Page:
Cake

 

Jennifer Aniston forsakes all attempts at Hollywood glamour in “Cake.” She plays Claire, a severely wounded middle-aged woman who has suffered a great tragedy, and frankly, is just not dealing very well with it.

We don't get the story in sequential order, but Claire is the victim of a horrible car accident, which took the life of her only child, a preschool son. She herself barely survived; but she's in constant pain, and suffers from visible scarring over much of her body, including her face. Though she was a practicing attorney prior to her tragic accident, now she mostly practices being caustic and vindictive to everyone who can still stand being around her. Her husband, Jason (Chris Messina) has left her, because he can't deal with somebody so morose and depressed. Claire doesn't seem to have any other family or close friends; in fact, the only person who still cares about her is her housekeeper/former nanny, Silvana (Adriana Barraza). Silvana takes all the verbal abuse from the “Senora” because she feels sorry for Claire. She drives her around while Claire lays down in the back, or in the front with the seat folded down. Claire is in pain all the time, and she frequently indulges in popping percoset, or even valium or hydrocodone, or maybe all three at once. She exceeds her “recommended dosage,” of course, and her solution to that is to get Silvana to drive her to Tijuana , where apparently they're not so careful about demanding prescriptions.

Claire dutifully attends the recommended support group, but she can't help deriding their touchy-feely process and cutting through their banal psychobabble. She's haunted, though, by one member of the group, Nina (Anna Kendrick), who committed suicide by jumping off a highway bridge. Claire finds herself needing to visit that bridge, and even Nina's husband, Roy (Sam Worthington), who also has little use for the fulsome platitudes of his own support group. The two angry mourners find some comfort with the company of each other, but not much, because both are far too scarred, and the wounds are still far too raw.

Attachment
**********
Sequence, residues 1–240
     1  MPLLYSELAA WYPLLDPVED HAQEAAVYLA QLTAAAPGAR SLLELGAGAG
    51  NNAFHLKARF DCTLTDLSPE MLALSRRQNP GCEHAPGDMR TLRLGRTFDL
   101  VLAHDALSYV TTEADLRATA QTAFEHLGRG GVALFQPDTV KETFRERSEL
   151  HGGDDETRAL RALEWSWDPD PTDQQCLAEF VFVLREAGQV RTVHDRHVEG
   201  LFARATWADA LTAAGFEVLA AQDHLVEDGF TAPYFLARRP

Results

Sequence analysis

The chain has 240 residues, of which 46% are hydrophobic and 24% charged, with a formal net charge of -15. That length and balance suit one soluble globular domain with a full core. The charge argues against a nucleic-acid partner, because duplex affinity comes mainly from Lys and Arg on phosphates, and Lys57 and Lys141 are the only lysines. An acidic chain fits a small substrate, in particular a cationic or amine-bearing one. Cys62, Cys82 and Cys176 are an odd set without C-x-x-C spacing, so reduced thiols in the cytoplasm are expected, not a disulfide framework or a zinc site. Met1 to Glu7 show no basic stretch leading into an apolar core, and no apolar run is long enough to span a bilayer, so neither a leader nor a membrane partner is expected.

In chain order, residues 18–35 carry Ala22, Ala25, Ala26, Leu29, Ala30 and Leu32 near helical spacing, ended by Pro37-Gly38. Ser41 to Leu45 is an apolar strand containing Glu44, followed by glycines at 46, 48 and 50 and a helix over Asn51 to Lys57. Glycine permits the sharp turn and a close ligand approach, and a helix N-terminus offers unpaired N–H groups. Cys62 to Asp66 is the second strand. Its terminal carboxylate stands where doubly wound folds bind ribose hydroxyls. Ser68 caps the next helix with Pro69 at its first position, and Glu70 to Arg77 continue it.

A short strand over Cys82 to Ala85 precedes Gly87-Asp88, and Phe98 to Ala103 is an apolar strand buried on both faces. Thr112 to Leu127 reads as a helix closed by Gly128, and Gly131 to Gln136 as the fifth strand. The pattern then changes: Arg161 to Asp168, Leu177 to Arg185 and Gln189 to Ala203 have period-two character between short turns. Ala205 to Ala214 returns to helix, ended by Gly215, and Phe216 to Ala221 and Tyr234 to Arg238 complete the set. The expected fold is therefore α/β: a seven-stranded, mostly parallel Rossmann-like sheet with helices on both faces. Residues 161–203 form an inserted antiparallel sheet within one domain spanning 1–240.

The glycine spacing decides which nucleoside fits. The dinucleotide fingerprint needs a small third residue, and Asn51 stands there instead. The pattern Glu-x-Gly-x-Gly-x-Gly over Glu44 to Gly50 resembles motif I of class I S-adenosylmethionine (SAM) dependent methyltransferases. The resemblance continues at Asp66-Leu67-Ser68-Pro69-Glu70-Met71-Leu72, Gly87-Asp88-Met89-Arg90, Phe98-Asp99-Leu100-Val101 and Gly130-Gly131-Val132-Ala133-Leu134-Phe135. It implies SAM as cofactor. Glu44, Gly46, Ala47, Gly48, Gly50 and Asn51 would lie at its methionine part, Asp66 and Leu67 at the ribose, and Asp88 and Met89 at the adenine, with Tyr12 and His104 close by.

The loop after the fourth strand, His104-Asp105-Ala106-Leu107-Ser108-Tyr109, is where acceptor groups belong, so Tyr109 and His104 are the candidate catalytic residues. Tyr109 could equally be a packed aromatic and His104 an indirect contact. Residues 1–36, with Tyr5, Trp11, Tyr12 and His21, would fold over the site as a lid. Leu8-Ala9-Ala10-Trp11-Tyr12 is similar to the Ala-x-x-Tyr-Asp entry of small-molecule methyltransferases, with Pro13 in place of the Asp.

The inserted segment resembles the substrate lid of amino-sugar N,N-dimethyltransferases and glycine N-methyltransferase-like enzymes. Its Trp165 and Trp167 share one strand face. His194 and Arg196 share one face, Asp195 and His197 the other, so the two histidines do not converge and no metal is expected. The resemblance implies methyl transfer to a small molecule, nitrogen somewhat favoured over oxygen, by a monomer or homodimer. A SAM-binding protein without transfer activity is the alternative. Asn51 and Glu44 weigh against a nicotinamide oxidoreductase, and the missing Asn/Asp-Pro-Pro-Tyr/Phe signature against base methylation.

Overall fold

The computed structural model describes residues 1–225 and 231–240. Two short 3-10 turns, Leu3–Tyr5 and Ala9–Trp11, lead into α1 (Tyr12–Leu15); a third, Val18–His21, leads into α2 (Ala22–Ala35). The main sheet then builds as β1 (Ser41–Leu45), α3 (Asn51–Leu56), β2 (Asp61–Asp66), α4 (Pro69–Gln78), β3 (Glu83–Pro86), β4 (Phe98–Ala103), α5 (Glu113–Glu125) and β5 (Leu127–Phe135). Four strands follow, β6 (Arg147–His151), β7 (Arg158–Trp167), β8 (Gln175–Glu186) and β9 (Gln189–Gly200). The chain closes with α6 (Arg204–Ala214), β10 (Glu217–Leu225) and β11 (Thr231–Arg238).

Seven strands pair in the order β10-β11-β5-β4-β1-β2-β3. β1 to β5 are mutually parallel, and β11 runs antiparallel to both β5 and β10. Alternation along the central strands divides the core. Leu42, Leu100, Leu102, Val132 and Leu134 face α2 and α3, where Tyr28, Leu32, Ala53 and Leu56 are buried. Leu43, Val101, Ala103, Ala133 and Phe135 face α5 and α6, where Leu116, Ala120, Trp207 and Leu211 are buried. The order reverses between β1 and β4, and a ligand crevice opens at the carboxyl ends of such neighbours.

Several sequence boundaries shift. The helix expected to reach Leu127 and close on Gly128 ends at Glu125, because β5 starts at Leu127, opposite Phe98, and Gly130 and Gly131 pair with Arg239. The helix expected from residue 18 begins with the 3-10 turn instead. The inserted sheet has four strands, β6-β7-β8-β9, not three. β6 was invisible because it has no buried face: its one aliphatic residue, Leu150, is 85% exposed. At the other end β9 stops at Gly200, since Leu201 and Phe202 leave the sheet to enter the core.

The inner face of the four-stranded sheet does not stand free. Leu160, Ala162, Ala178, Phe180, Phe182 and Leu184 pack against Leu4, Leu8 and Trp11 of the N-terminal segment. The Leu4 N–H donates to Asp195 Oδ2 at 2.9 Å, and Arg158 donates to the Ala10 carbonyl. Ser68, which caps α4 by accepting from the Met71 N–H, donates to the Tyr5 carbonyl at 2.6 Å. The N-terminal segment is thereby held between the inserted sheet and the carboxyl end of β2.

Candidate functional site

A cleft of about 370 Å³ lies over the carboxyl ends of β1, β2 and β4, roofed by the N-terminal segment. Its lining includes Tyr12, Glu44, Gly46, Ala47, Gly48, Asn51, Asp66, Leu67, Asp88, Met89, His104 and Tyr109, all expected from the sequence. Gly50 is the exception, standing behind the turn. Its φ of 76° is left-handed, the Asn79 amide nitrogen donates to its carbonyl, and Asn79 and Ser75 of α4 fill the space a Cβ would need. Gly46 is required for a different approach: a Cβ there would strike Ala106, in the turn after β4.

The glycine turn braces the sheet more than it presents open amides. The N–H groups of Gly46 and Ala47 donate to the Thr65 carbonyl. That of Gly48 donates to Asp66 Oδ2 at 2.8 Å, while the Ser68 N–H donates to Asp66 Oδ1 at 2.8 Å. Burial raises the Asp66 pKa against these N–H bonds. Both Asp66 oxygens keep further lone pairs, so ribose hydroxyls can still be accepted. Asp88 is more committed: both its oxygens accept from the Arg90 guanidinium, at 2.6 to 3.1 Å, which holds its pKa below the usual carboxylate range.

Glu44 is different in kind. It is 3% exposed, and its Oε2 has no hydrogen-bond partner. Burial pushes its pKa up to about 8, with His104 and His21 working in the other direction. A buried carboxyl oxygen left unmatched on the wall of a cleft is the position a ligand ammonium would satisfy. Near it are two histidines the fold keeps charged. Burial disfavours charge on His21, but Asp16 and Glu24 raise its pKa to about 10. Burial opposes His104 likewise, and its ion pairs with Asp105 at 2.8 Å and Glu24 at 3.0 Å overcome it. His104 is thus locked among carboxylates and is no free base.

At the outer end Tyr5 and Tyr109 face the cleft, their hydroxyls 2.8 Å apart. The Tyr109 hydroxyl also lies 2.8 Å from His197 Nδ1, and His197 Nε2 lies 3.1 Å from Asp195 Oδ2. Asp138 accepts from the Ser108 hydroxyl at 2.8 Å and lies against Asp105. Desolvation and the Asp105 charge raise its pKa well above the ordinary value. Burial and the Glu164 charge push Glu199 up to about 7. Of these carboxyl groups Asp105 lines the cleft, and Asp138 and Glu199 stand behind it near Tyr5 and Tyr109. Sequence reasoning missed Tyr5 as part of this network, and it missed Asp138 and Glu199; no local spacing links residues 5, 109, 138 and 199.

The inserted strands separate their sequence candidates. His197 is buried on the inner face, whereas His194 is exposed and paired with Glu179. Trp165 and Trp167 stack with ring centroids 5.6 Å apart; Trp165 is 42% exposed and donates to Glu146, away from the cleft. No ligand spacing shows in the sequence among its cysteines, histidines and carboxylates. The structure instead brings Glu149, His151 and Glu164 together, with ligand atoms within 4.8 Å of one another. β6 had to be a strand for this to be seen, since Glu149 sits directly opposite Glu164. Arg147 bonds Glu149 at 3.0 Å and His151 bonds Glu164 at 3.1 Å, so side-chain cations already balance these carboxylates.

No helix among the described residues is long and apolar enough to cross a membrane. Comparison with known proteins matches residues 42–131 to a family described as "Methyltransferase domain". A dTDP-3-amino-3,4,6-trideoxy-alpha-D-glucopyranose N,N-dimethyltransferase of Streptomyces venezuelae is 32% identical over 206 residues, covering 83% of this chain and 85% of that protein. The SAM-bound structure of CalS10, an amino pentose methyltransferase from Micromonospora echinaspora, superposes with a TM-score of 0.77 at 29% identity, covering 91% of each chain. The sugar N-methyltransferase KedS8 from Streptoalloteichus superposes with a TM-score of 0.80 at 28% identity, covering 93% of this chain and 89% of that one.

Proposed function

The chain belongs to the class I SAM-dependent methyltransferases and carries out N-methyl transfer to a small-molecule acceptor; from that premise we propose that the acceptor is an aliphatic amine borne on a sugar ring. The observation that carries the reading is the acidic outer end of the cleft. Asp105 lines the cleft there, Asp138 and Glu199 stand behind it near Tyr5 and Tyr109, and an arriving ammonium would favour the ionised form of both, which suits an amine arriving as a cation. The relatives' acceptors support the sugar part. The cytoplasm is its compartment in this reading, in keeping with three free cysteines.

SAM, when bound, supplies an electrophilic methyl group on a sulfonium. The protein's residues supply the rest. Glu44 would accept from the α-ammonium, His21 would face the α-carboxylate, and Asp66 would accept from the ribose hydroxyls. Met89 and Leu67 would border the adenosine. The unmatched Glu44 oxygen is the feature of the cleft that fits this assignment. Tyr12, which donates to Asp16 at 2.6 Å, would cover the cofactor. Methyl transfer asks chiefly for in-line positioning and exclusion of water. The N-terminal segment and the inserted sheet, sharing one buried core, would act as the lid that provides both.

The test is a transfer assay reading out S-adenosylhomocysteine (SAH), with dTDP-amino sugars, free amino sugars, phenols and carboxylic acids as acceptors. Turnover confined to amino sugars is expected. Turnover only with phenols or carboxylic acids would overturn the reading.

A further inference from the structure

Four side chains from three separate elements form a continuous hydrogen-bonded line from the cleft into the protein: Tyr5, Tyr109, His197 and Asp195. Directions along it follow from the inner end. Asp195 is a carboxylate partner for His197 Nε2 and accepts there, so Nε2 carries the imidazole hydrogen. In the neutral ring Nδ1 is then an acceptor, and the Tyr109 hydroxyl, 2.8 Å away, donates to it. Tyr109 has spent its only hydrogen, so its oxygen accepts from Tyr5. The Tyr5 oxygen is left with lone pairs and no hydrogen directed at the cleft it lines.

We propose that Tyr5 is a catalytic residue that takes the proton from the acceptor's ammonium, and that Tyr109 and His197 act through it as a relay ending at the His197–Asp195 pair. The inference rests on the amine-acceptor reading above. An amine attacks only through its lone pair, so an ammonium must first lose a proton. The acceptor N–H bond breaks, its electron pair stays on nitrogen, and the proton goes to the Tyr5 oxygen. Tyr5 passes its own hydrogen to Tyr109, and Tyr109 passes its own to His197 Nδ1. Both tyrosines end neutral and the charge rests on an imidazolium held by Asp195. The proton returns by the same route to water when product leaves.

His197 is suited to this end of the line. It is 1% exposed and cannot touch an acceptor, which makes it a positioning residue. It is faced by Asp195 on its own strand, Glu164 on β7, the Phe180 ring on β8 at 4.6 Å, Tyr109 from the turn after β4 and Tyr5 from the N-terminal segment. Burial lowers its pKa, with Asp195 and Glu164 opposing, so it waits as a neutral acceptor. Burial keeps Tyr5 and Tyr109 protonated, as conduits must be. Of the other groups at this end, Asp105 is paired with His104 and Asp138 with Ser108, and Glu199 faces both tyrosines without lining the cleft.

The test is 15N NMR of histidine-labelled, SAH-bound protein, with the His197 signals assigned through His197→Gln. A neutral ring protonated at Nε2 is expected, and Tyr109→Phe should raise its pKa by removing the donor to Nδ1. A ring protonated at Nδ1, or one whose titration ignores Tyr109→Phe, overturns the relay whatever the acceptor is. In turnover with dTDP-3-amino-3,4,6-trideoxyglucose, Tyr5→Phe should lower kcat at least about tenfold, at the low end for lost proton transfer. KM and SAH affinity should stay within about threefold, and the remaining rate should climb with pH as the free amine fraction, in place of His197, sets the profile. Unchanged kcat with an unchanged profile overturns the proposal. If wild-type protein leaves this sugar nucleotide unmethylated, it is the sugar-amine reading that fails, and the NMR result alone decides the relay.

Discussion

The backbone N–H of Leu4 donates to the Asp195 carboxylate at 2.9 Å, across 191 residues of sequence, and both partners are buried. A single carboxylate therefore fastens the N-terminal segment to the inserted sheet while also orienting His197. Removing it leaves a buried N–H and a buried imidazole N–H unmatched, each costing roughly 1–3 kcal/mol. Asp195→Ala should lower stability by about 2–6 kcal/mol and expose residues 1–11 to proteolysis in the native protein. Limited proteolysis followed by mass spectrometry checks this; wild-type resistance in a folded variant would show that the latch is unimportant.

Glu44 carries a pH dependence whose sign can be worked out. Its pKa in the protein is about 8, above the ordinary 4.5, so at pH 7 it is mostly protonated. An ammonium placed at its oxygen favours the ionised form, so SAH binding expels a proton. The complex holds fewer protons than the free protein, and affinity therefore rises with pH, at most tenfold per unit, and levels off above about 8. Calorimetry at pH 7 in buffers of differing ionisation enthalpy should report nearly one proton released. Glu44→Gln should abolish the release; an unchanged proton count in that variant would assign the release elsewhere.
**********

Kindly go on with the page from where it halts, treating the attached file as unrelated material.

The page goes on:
The ghost of Nina appears to Claire, all dressed up and made up, sometimes mocking, sometimes questioning, but of course nobody else sees her, only Claire. Is it the drugs that are making her hallucinate, or is it her wounded psyche? Or both? Claire also cops out of her physical therapy by verbally abusing her therapist, who must eventually ask her, “Do you really want to be well?” The answer to that question is the one that will really determine the future for Claire. Not to mention the attitude everyone around her.

Jennifer Aniston is remarkable in this role, but the movie itself could hardly be more depressing. There are many moviegoers who are seeking some light entertainment who will happily forsake this one for something much more pleasant. But those who are willing to subject themselves to Claire's slings and arrows will be rewarded with a memorably embattled performance.

 

Dr. Ronald P. Salfen is the Parish Associate, Woodhaven Presbyterian Church, Irving , Texas